- Kanō school
Japanese painting style of the 15th–19th centuries.It was practiced by a family of artists that served the Ashikaga shoguns of the Muromachi period and also Oda Nobunaga, Toyotomi Hideyoshi, and the shoguns of the Tokugawa period. Bold, large-scale designs were executed on the folding screens and sliding panels that acted as space dividers in the castles of the day. Chinese-style ink painting was blended with polychromatic Yamato-e ("Japanese painting"); some artists used a background of gold leaf for even more striking effects.
* * *▪ Japanese artfamily of artists who painted in a style developed in Japan in the 15th–19th century. For seven generations, more than 200 years, the leading Japanese artists came from this family, and the official style remained in their hands for another century or more. Throughout their history the family served military masters, and the lofty and moral symbolism of the Kanō tradition was at the same time the political ideal.The school arose at a time when Chinese cultural ideals were dominant, but by this time there had been a long history of ink painting in Japan. The Kanō style, Chinese though it appears in subject matter and ink technique, was actually thoroughly Japanese in its form of expression. Gradually the depth of a picture was worked into two planes, and later into a single plane of pictorial interest. The boldness of the brushwork is especially characteristic, and the sharpness of outline differed noticeably from that of the Chinese Sung models. Surface values and flat decorative treatment were emphasized on screens and sliding panels.The first Kanō was an amateur artist of the samurai class named Kagenobu. His son Masanobu (1434–1530) became the accepted first generation, but it was Motonobu (1476–1559), his son, who crystallized the Kanō style. Eitoku (1543–90) created the style of the Azuchi-Momoyama period, lasting from 1574 to 1600, while Tanyū (1602–74) established the academic standards that pertained under the Tokugawa rulers (1603–1868).
* * *
Look at other dictionaries:
Kanō school — The nihongo|Kanō school|狩野派|Kanō ha is one of the most famous schools of Japanese painting. It was founded by Kanō Masanobu (1434–1530), a contemporary of Sesshū and student of Shūbun. Some scholars write that though Masanobu mastered elements of … Wikipedia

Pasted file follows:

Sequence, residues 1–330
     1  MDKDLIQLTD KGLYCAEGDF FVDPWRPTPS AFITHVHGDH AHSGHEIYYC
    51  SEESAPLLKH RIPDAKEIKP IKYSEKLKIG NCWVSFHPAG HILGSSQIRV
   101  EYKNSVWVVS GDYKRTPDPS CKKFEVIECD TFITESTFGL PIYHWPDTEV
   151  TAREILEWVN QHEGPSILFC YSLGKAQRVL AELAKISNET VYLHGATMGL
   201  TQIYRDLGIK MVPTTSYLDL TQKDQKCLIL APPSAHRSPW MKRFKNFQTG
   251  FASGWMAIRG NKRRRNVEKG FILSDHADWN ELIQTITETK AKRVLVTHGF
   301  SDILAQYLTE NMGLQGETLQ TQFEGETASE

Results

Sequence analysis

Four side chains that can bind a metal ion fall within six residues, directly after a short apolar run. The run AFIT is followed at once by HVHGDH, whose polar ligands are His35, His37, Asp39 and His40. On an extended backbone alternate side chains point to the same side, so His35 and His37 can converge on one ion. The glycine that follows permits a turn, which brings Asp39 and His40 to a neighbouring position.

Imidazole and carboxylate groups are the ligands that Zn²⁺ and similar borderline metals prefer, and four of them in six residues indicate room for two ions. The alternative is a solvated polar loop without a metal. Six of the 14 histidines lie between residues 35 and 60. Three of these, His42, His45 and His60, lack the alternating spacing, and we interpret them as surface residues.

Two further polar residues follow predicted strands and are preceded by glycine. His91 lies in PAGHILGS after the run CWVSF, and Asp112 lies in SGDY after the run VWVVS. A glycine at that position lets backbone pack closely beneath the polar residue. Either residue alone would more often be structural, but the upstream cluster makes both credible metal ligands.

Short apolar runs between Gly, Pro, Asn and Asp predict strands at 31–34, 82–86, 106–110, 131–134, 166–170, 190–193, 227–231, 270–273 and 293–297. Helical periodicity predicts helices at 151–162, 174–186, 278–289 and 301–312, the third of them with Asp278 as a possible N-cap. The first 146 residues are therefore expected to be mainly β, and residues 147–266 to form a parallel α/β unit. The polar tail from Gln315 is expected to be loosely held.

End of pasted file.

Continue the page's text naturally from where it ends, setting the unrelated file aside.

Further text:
Kanō Mitsunobu — (狩野光信)(d. 1608) was the son of Kanō Eitoku, and an influential artist of the Kanō school of Japanese painting.Scholars disagree on the year of Mitsunobu s birth, placing it in either 1561 or 1565. The earliest record of his involvement on any… … Wikipedia
Kano (disambiguation) — Kano may refer to: *Kano, city and historic emirate in Nigeria *Emir of Kano, ruler of the Nigerian town *Kano State, state in Northern Nigeria *Kano Chronicle, account of the history of the Hausa people *Kano baseball team, a defunct baseball… … Wikipedia
Kanō Masanobu — (狩野正信; 1434? ndash; August 21530?, Kyoto) was the chief painter of the Ashikaga shogunate and is generally considered the founder of the Kanō school of painting.The Kanō school was a style of painting that maintained dominance over 400 years from … Wikipedia
Kanō Eitoku — (狩野 永徳 February 16, 1543 October 12, 1590) was a Japanese painter who lived during the Azuchi Momoyama period of Japanese history and one of the most prominent patriarchs of the Kanō school of Japanese paintingBorn in Kyoto, Eitoku was the… … Wikipedia
Kanō Hōgai — (狩野芳崖)(1828 1888) was a 19th century Japanese painter of the Kano school. One of the last of the Kanō painters, Hōgai s works reflect the deep traditions of the school, but also at times show hints of experimentation with Western methods and… … Wikipedia
Kanō Shōsenin — Kanō Shōsen in (狩野勝川院)(1823 1880) was a Japanese painter of the Kanō school. He was also known as Kanō Masanobu and Kamp Shōsen, and took the gō (art names) Soshōsei and Shōko.Shōsen in studied in a studio in the Kobikichō section of Edo, under… … Wikipedia
Kanō Naizen — (狩野内膳) (1570 1616) was a Japanese painter of the Kanō school, particularly known for his screen paintings ( byōbu ) of Namban (Southern Barbarians, i.e. Europeans).One of his more famous works, Festivals of Toyokuni (豊国の祭り), was one of these such … Wikipedia
Kanō Tanshin — (Morimasa) 狩野探信 (1653 1718) was a Japanese painter. He was the son of Kanō Tanyū by his second wife, and led the Kajibashi branch of the Kanō school after 1674. References * [http://www.thebritishmuseum.ac.uk/explore/highlights/highlight… … Wikipedia
Kanō Motonobu — White robed Kannon, Bodhisattva of Compassion In this Japanese name, the family name is Kanō . Kanō Motonobu (狩野 元信; August 28, 1476 – November 5, 1559) was a Japanese painter. He was a member of the Kanō school of painting. Kano Motonobu s… … Wikipedia